Professor Takaaki Kajita, director of the Institute for Cosmic Ray Research, the University of Tokyo, was awarded the 2015 Nobel Prize in Physics for “the discovery of neutrino oscillations, which shows that neutrinos have mass.” Neutrinos are elementary particles, which are the smallest unit constituting matter. Professor Kajita conducted research on neutrinos under the direction of Professor Masatoshi Koshiba, who was awarded the 2002 Nobel Prize in Physics. Through observations in giant underground observatories, the Kamiokande and the Super-Kamiokande, he demonstrated for the first time that neutrinos, which were thought to be massless, actually have a mass. This major historic discovery will certainly contribute to the elucidation of the principles of matter and the evolution of the universe. The experimental projects led by Professor Kajita following Professor Koshiba, are the results of advanced scientific research conducted by the University of Tokyo. This special presentation showcases the Nobel Prize medal (official replica) as well as Professor Kajita’s scientific achievements.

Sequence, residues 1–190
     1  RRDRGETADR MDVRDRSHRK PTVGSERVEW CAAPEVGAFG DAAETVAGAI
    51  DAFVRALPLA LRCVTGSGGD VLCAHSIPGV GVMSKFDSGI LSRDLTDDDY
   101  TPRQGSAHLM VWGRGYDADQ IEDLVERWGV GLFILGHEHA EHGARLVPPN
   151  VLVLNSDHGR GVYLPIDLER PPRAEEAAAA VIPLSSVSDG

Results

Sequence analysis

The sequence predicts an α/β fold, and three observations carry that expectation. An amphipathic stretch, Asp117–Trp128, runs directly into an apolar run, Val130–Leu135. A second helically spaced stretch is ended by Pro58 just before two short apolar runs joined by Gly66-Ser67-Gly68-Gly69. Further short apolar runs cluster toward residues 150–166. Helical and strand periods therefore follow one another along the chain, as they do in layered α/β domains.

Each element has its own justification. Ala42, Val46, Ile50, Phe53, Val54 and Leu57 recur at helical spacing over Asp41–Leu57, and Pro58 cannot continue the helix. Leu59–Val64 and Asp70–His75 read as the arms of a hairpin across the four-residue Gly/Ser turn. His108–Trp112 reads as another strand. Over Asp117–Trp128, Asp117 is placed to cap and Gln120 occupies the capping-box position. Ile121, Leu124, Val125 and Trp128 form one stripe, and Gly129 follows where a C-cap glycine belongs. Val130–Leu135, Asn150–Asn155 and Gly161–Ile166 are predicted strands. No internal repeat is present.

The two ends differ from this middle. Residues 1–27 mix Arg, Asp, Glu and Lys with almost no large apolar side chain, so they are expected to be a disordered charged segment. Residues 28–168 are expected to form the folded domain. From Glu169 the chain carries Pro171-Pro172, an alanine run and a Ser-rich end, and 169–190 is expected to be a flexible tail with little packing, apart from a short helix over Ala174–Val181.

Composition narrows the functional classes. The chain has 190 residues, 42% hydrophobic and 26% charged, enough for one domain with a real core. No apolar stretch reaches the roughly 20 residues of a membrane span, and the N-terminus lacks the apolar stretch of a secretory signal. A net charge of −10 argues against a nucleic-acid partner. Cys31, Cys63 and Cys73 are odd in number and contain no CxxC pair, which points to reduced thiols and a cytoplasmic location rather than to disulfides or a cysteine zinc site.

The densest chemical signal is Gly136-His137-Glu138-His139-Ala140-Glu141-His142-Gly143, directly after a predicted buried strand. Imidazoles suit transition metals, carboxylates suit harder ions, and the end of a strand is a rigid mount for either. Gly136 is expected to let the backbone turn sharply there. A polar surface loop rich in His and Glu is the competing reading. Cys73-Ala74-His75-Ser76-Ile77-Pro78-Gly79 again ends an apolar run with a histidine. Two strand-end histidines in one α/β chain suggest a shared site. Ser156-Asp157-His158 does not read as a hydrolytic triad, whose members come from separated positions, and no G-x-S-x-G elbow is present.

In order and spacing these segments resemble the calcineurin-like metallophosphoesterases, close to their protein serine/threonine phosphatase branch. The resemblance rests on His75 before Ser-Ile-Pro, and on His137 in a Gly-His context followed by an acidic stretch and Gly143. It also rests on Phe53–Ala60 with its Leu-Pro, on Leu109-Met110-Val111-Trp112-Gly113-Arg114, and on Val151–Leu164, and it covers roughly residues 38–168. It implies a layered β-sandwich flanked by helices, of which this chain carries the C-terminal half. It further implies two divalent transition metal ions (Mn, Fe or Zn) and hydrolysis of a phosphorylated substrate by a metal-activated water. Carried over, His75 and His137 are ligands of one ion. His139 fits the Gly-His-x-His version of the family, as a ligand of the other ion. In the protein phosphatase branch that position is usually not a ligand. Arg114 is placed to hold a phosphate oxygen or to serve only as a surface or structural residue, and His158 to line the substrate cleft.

Profile of Professor Takaaki Kajita
Born in Higashi Matsuyama (Saitama Prefecture), Takaaki Kajita is professor and director of the Institute for Cosmic Ray Research, the University of Tokyo. After graduating from Saitama Prefectural Kawagoe High School, he specialized in Physics at the Faculty of Science of Saitama University. After graduating in 1981, he pursued his studies at the School of Science, the University of Tokyo, in the laboratory of Professor Masatoshi Koshiba (2002 Nobel Prize in Physics). In 1986, he obtained his PhD with his article Search for nucleon decays into anti-neutrino plus mesons. With the late Yoji Totsuka, his senior at the Koshiba laboratory, he then carried out research on cosmic rays. In 1988, he inferred neutrino oscillation from the observation of atmospheric neutrinos in the Kamiokande, and confirmed his hypothesis from precise measurements conducted in the Super-Kamiokande. In other words, he discovered that neutrinos have a mass, and he presented his results in an international conference in 1998. In 2015, he was awarded the Nobel Prize in Physics with Arthur B. McDonald. The prize motivation was “the discovery of neutrino oscillations, which shows that neutrinos have mass.” The same year, he was awarded the Order of Culture.
［Organizer］The University Museum, The University of Tokyo (UMUT)
［Co-Organizer］Institute for Cosmic Ray Research, the University of Tokyo
image: © Institute for Cosmic Ray Research, the University of Tokyo